I had a demonstration from a representative of WestlaweCarswell yesterday: they are developing keycite links to related documents to full-text cases, so that you will be able to link to factums, pleadings, etc. This now works on Westlaw US. I don’t know who if anyone is betatesting this in Canada, but it would be a good idea for Canadian researchers to check the US Westlaw version to see if all the panoply of documents available in the US is relevant or necessary in Canada, outside of the factums that is.
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Globe and Mail subscribers may have noticed the ad from Stikeman Elliott offering a free “a comprehensive analysis of Securities Act amendments that expand the potential liabilities of Canadian public companies and income trusts – as well as their officers, directors, trustees and advisers.” You can see their ad online at:
To get it you have to email or phone Stikeman’s. I presume it’s available in digitized form.
The amendments have been incorporated into the online version of Ontario’s Securities Act, and can be found at Part XXIII.1.
[Wouldn’t it be great to be able to insert an . . . [more]
Larry Lessig’s blog has an advance copy of an OECD report on scientific publishing and the impact that digital distribution has on traditional models of intermediation through traditional commercial publishers.
I suspect that it has many echoes in the legal research field as well.
Reinforces my mantra that publishers cannot continue to make money simply funnelling public content to us at a markup, but must find ways to add significant value.
I recently posted about PURLs, the venerable OCLC service for providing persistent, and incidentally shorter, URLs. If it’s the shortening feature you want, and if you use Firefox (and who doesn’t?), you may be interested in the Firefox extension W3T URL Shrinker. Once installed, you right click on the page you want a short address for, choose “Shorten this URL” from the context menu, and up comes the brief address.
Pat Northey of LawHawk in New Zealand sends this to Slaw:
The Index to Common Law Festschriften is an exciting new addition to legal research is the culmination of a three-year project funded by the Law Foundation and undertaken by a small team at the University of Auckland Library and Law School under the direction of Professor Mike Taggart. This is the first index of contributions to common law Festschriften and fills a serious bibliographic gap in the literature of the common law. This collection is complemented by the Legal Essays collection available from the Davis Law Library.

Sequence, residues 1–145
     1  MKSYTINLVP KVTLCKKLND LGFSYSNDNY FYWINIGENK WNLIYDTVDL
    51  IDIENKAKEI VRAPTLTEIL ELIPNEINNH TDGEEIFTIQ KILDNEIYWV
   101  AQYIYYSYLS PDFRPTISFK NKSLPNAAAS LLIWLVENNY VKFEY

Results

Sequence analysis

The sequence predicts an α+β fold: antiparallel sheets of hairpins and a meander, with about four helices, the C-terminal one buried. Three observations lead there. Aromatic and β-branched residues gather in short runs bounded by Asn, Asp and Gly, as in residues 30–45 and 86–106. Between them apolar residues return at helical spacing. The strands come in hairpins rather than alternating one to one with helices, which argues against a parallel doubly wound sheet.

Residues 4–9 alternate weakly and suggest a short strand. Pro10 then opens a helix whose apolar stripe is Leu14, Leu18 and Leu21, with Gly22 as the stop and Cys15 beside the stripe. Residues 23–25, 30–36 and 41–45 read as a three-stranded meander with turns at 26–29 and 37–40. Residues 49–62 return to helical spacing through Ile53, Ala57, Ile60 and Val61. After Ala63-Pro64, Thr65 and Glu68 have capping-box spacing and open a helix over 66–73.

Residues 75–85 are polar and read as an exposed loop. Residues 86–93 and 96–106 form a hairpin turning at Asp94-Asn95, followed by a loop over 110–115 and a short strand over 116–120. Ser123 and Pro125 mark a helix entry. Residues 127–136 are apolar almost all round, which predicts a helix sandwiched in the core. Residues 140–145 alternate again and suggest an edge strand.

There are . . . [more]
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[S]oftware, developed by NEC and the Nara Institute of Science and Technology (NAIST) in Japan, goes further than existing cellphone camera technology by allowing entire documents to be scanned simply by sweeping the phone across the page….
Using the new software with a 1-megapixel camera held at least 20centimetres away, an A4 sized page takes about 3 to 5 seconds to scan. This produces between 21 and 35 images which the software merges together to extract the text and record any images….
[T]he concern now is that this technology will catapult the publishing industry into a copyright furore similar to
Every year at the UVic Faculty of Law we have our 1st year students fill out a survey, which among other things, asks them about the technology that they are bringing with them into law schools. It is interesting to see the trends over the three years that we have been administering the survery (see the PDF for the charts that tell the story). Some of the highlights are:
- 2 students out of the 104 surveyed do not have access to either a laptop or a computer at home.
- 86% of students own laptops, and 86% of those laptops are
The 7th International Conference on the Computerization of Law via the Internet, will be taking place this year, from November 17th to 19th in Vanuatu. I’m sure many in the SLAW community are already aware of this conference, but given the topic, if a SLAW contributor were going to be attending perhaps they could volunteer to make some posts from the conference. I am sure there will be some topics that will lead to good discussions in this forum.
But for now I wanted to share this map with you, from yesterday. (Sorry about the quality: I had to cut and paste and then shrink to fit.) I love the fact . . . [more]
Our Future, Our Past: The Alberta Heritage Digitization Project (AHDP) is an ongoing, not-for-profit endeavor to provide all those interested in Alberta’s history free, online access to cultural and heritage materials. Don Sanders, librarian at the University of Calgary Law School headed up the legislative project, and the steering committee which I belonged to.
The University of Calgary Press with the support of the Alberta Law Foundation are behind the project, which has now digitized all of the documents that form Alberta’s legislative history. Here you will find all of the Statutes up to 1990, Legislative Assembly Bills, Debates and . . . [more]